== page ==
So Tim Raines gets 24 percent. One of the greatest leadoff hitters in the history of the game gets less than a quarter of the votes. Guys like Jim Rice and Andre Dawson, who Raines was a superior player to get more than double his percentage. I know I will probably go back on this statement, but I'm going to stop putting any energy to caring what this crew does. If more than 3 out of 4 cannot absorb the immense value that Tim Raines brought to the field, well I have no reason torturing myself trying to understand their lazy ballot stuffing. It appears like Raines will join the list of players like Ron Santo, Bert Blyleven, and, Alan Trammell who should be in Cooperstown, but instead are sitting on the outside. I'm glad the deserving Goose Gossage was chosen, but why it took the writers 9 years to finally pull the trigger doesn't make them look too good on that front, either.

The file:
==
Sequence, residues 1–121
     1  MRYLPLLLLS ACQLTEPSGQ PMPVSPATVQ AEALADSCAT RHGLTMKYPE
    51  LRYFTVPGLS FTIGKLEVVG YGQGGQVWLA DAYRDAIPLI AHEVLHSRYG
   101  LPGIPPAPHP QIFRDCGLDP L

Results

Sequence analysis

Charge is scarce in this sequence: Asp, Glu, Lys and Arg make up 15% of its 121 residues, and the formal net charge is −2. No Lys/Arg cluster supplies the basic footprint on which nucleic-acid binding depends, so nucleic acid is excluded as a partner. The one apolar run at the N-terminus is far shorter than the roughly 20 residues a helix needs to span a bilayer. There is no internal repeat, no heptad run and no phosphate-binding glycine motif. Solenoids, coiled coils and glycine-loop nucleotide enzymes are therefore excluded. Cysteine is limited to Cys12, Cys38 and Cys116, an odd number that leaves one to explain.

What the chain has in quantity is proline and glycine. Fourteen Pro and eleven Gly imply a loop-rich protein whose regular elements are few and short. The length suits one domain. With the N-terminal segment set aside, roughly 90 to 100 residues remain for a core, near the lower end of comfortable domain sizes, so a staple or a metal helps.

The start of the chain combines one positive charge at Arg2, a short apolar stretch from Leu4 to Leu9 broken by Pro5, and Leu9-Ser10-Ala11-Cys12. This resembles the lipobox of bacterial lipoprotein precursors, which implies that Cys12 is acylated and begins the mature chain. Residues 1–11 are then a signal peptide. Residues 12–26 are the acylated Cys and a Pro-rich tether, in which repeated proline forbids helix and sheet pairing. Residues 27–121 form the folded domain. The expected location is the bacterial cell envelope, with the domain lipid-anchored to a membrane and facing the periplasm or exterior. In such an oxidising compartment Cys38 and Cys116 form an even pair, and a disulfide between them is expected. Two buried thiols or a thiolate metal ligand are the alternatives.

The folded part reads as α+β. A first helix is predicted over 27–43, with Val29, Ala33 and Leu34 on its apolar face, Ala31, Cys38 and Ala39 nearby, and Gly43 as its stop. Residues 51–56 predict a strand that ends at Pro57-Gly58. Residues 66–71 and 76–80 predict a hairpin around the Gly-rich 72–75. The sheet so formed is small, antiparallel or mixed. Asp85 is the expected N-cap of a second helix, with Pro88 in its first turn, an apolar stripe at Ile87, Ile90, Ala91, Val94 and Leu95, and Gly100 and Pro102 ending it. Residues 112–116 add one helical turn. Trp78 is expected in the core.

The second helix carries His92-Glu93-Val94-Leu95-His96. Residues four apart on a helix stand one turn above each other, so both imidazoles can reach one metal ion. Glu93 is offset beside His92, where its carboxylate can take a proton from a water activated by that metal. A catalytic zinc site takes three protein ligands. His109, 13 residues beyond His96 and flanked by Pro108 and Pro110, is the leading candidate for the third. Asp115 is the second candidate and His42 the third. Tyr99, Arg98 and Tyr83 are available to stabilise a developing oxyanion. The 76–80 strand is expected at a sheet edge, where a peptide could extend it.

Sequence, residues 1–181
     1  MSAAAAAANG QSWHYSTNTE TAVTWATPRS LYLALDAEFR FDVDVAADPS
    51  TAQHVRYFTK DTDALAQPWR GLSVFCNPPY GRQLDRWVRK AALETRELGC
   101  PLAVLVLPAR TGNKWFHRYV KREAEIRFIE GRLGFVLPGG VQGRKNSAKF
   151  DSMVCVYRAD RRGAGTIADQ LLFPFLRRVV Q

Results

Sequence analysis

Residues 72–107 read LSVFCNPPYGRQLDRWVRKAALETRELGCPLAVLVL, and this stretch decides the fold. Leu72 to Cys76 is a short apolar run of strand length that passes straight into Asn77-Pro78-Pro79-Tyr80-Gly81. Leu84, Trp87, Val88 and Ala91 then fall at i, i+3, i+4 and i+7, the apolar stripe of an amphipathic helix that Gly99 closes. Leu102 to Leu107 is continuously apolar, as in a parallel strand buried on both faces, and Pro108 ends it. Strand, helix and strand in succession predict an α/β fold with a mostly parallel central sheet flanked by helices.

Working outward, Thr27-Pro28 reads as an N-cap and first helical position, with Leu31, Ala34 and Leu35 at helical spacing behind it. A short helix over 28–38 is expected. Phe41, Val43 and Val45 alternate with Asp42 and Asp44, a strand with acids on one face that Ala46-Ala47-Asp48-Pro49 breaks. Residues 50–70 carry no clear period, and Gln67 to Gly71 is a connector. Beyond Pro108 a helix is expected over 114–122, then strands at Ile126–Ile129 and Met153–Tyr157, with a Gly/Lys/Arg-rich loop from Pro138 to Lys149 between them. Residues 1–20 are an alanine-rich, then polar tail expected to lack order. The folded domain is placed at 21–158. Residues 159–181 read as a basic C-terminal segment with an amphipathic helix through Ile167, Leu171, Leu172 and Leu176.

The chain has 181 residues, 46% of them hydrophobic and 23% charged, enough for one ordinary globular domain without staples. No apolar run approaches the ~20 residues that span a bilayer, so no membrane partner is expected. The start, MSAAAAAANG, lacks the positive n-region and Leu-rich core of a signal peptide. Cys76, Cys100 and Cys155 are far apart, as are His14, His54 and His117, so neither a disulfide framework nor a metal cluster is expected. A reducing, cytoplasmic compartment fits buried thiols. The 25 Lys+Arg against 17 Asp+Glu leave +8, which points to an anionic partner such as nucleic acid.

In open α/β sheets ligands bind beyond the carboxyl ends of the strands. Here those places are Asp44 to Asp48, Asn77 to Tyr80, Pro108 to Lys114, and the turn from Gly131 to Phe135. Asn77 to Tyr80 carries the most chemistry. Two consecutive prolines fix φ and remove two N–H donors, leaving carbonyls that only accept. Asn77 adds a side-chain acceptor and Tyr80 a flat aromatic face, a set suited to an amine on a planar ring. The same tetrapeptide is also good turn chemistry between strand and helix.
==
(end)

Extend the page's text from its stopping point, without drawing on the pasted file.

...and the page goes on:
For a long time, the front office executives and managers of the game didn't really understand how much sabermetrics impacted the bottom line. Now there is a lot better understanding by the people who run the game, but far too many Hall of Fame voters fail this test. Today's vote was just another example of this. Once again the majority of eligible voters that determine who will be inducted into Cooperstown let the ball roll between their legs. My term for baseball Hall of Fame voters from now on will be Buckners.